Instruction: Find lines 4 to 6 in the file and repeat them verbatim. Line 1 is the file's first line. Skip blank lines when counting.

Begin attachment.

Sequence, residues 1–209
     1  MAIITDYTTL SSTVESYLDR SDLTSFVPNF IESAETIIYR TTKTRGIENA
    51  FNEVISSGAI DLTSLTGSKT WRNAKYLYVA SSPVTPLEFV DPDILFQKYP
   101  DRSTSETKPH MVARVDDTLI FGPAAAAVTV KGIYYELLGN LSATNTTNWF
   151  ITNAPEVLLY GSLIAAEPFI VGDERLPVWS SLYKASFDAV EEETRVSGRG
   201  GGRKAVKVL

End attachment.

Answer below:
   101  DRSTSETKPH MVARVDDTLI FGPAAAAVTV KGIYYELLGN LSATNTTNWF
   151  ITNAPEVLLY GSLIAAEPFI VGDERLPVWS SLYKASFDAV EEETRVSGRG
   201  GGRKAVKVL